💬 In this issue:
- Dot com bubble: Four reasons for the burst.
- The Passion of Cathie Wood: Why the ‘Wackiest Portfolio Manager on Earth’ Isn’t Losing Faith.
- The End of Blitzscaling: Lessons for venture capital and private equity firms.
In recent months, the media cycle has felt like an unending stream of depressing news. I’m constantly reading about global inflation, central bankers being on edge, rate hikes and stock market declines. If the theme of 2021 was wild optimism, 2022 has been the year of the bear.
Let’s run through all of the things you’ve also likely read, so much so they feel like cliches at this point: tech valuations are taking a beating, VCs are talking about founders needing to do what they can to stay alive, and the scarcity of capital. It’s a stark contrast to the past decade, where the technology industry has been a beacon of economic hope.
What that means is this: if like me, you’ve only worked in the tech ecosystem for less than 12 years, then you’ve not really lived through a recession, and the dot com bubble of the 90s sounds like a myth to you. You’ve only known rapid growth, Facebook’s evolution into a mega-corporation that some regulators are convinced is evil and maybe a sleeping pod at your office.
In this article examining the dot-com bubble, the four reasons the bubble burst were: overvaluation of companies, lavish spending by said companies, a surplus of venture capital, and speculative encouragement by the media. It sounds eerily familiar to today’s conditions.
Last week, The Information published this fascinating feature on Cathie Wood, once widely lauded as the queen of the bull market. At the peak of her stardom, her company, Ark Invest, had taken in more investments than more established names like BlackRock; her belief in crypto, Tesla, and other growth stocks was supreme, and people hung on her every word. Today, Tesla is down more than 60%, crypto has taken a beating, and the people who called her the queen of the bull market now say she’s the “wackiest portfolio manager alive”. To put it mildly, Cathie Wood and the tech companies she’s so famously bullish on are stuffing their face with humble pie.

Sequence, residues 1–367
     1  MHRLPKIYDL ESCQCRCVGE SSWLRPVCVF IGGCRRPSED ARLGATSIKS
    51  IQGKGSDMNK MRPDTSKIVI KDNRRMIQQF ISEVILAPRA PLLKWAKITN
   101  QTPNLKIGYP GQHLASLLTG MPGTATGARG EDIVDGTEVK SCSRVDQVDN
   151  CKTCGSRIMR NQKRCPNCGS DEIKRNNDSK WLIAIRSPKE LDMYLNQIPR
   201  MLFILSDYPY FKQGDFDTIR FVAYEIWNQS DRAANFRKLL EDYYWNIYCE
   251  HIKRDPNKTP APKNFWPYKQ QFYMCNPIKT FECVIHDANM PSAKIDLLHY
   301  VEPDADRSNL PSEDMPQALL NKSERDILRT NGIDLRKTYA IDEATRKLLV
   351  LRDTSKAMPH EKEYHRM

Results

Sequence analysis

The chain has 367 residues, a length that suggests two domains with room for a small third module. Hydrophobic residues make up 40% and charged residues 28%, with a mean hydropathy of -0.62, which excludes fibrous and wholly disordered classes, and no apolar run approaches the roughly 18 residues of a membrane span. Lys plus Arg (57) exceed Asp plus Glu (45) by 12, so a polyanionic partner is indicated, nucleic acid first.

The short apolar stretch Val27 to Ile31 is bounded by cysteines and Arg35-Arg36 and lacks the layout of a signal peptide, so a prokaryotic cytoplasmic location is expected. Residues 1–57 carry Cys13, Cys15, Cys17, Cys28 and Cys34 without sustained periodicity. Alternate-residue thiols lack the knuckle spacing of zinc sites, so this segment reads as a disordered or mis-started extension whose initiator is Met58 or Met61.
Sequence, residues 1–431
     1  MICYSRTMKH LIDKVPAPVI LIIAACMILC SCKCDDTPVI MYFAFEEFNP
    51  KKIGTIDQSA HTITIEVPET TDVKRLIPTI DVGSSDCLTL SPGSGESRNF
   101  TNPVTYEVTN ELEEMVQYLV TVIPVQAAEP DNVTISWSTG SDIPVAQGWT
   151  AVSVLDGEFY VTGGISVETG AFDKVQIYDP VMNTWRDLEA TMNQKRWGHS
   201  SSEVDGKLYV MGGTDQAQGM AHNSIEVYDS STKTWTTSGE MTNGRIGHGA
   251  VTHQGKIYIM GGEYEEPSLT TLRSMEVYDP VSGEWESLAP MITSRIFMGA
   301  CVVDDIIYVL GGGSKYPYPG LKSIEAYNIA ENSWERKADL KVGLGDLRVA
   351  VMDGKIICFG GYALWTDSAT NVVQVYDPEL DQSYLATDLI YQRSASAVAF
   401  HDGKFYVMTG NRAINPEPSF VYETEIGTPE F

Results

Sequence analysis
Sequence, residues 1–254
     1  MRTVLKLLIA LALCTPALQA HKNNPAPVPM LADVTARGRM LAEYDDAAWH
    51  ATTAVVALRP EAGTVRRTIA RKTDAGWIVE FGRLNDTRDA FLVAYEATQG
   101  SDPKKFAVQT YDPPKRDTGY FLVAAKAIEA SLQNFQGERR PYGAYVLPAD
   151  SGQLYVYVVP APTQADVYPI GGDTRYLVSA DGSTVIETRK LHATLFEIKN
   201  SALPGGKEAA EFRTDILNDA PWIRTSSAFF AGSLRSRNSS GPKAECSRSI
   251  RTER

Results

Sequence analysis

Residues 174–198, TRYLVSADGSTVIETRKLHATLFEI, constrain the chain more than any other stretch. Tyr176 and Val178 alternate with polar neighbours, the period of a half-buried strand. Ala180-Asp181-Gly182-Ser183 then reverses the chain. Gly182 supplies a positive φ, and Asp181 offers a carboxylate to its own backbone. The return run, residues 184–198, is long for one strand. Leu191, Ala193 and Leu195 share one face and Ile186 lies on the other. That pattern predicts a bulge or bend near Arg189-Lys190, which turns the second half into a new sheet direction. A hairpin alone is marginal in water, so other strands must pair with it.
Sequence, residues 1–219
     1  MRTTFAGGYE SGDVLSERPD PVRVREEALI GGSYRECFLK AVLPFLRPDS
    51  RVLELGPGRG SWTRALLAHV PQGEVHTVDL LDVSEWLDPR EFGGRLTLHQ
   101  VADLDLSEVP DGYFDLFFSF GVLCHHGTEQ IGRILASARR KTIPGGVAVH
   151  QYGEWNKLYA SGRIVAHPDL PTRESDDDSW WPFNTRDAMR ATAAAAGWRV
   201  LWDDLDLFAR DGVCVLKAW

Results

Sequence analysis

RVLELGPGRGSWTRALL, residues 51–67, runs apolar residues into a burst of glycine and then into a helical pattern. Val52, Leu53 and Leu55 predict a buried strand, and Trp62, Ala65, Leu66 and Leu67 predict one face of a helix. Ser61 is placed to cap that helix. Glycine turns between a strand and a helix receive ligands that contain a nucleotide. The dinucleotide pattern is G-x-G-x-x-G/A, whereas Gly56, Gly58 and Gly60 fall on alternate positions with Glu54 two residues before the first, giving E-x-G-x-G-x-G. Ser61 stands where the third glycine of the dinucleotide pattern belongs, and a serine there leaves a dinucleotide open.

Throughout the piece, Cathie sounds optimistic about the future and confident that her company will ride the tide. Only time will tell if her optimism will pay off. But I couldn’t help drawing a parallel between today’s humbling of tech stocks and New York’s real estate market in the 70s.
Per this brilliant piece, “[In the 70s] New York barely needed a 60-story office building, let alone two 100-story towers. The city was struggling financially, people and businesses were leaving for the suburbs, and the office market was already oversupplied. Many at the time characterised the construction of the Twin Towers as ‘pure speculation’. As a result, office vacancies in Manhattan soared, tax revenues plummeted, and the city even flirted with bankruptcy.
“Yet, as is so often the case with New York, this short-term pain planted the seeds for future gains. The glut in office supply and rise in commodity prices caused office development to grind to a halt in the 1970s. This meant that while buildings like the Twin Towers suffered short-term leasing and cash flow issues, their future potential value increased due to the evaporation in plans for future supply.”
🏆 Identifying eventual winners:
The most obvious conclusion is that in the future, what matters is identifying who the eventual winners will be. One small problem is that there’s not much clarity on what they look like now. Which startups will initially appear to be speculative punts, only to become mainstays of the tech ecosystem in the next decade?
There’s no single way to answer questions like these which investors worldwide are constantly asking themselves. I sense that remaining optimistic about startups and the future might be a helpful way to drown out the noise and keep us all motivated to identify and back eventual winners.
💡 What I’ve been reading:
- I love this article about why copying others is essential, but what I especially like is how it argues for who we should be imitating.
- What kind of thinking can help us pick eventual winners in the middle of a capital dry run? This article sets a great framework.
- Michael Taylor smuggled Carlos Ghosn out of Japan ahead of Ghosn’s financial crimes trial–then ended up in prison.
🔫 Parting shot
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That's it for now. See you next month!